The film sustains this tone well past the point of Hayworth’s arrival, which isn’t that early in the story – but once she does appear, the film heavily favours her, visually at least. She rarely looks anything less than ravishing and alluring, even while her character is being depicted as an inconstant, amoral hedonist. That said, there is a striking shift in perspective towards the end of the film – to begin with, Farrell is definitely the point of audience identification, with Gilda presented as a threat to what he and Mundson can achieve together. By the end, however, the audience is strongly encouraged to see Gilda as the unfairly victimised target of Farrell’s animus – a much more sympathetic character.

This would probably be more effective were the third act of Gilda slightly better constructed. Most of the film does work very well as a noirish, slightly overcooked thriller about a clearly-doomed love triangle – but the last third of the film opens with someone faking their death and grows ever more melodramatic from there. On reflection, we’re invited to assume Farrell is acting out of a sense of guilt, feeling that he has somehow betrayed Mundson, but this isn’t quite set up or articulated well enough. That the plot partly revolves around a bizarre, obscure scheme to make a vast fortune from monopolising tungsten production doesn’t help much. A couple of diversions into musical numbers just add to the sense of a film which doesn’t quite know what it is any more – one of these is basically just filler. The other, Hayworth’s much-imitated and dare-I-say-it iconic rendition of Put the Blame on Mame (as much as someone can be said to be rendering a song when they’re dubbed by someone else), at least supports the plot, but it seems to me to be undercut just a bit by being so heavily trailed through the rest of the film.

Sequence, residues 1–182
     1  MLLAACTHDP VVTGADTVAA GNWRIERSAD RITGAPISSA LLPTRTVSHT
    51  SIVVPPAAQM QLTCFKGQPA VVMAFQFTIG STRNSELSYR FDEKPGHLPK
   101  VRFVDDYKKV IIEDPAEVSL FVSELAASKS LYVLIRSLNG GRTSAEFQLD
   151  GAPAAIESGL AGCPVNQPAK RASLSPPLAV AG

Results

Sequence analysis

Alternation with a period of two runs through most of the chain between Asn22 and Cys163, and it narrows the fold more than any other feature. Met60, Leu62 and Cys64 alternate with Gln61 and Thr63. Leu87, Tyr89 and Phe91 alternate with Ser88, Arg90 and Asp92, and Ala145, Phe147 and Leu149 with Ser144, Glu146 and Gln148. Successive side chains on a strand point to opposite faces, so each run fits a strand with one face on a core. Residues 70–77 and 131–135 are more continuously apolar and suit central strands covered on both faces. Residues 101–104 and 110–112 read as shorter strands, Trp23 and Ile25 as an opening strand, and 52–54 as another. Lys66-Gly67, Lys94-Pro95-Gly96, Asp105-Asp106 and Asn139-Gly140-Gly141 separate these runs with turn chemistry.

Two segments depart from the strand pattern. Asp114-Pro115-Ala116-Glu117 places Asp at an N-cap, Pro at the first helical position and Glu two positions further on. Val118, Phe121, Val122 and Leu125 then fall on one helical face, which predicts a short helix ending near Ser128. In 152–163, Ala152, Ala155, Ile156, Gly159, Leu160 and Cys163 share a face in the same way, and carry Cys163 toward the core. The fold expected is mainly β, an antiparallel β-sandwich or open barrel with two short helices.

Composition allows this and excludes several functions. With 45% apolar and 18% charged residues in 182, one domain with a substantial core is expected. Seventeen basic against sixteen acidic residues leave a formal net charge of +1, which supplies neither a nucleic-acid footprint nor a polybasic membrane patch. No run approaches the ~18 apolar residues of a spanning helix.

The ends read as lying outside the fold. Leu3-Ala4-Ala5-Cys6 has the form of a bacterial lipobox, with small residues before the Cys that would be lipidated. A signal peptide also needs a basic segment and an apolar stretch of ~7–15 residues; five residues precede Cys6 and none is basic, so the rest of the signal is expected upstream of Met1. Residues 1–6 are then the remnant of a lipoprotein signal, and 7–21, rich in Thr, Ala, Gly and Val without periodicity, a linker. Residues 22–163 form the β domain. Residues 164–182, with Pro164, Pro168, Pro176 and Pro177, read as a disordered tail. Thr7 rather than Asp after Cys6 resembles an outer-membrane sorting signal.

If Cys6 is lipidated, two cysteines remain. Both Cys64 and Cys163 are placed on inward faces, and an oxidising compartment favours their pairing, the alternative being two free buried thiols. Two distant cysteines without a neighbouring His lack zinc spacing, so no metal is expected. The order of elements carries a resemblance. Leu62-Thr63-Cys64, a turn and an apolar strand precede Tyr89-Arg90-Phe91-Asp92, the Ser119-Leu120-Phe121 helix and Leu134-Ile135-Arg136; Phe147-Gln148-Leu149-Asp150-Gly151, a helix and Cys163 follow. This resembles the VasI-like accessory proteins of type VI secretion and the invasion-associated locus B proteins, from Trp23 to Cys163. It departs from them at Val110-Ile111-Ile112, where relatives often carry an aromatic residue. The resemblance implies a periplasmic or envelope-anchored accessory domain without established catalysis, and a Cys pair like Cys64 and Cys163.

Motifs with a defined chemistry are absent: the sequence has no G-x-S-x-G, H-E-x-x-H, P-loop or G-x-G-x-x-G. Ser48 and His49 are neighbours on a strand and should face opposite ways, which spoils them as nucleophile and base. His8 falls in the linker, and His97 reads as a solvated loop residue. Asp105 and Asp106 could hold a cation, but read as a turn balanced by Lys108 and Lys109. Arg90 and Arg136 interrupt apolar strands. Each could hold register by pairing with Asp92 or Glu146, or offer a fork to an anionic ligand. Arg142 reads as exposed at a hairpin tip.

Still, this is an entertaining and slickly-made film, especially in its middle section, and it has achieved legendary status – well, bits of it at least. Sometimes the films that last longest aren’t necessarily the best ones. There’s a lot of good stuff in Gilda, but it’s still not what I’d call a great film overall.

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When it comes to attempting to write something interesting and novel about Michael Curtiz’s 1942 film Casablanca, you really are on a hiding to nothing: millions of words have already been produced about what’s quite possibly the most beloved film in the history of American cinema. Few films contain quite so many iconic moments and characters, few have spawned such an attendant industry of other films and productions that haven’t actually been sequels or prequels. When screenwriting guru Robert McKee deconstructs the perfect script to see how it functions, it’s Casablanca that he uses. This is a film as secure in its status as an unimpeachable work of art as any you could hope to find.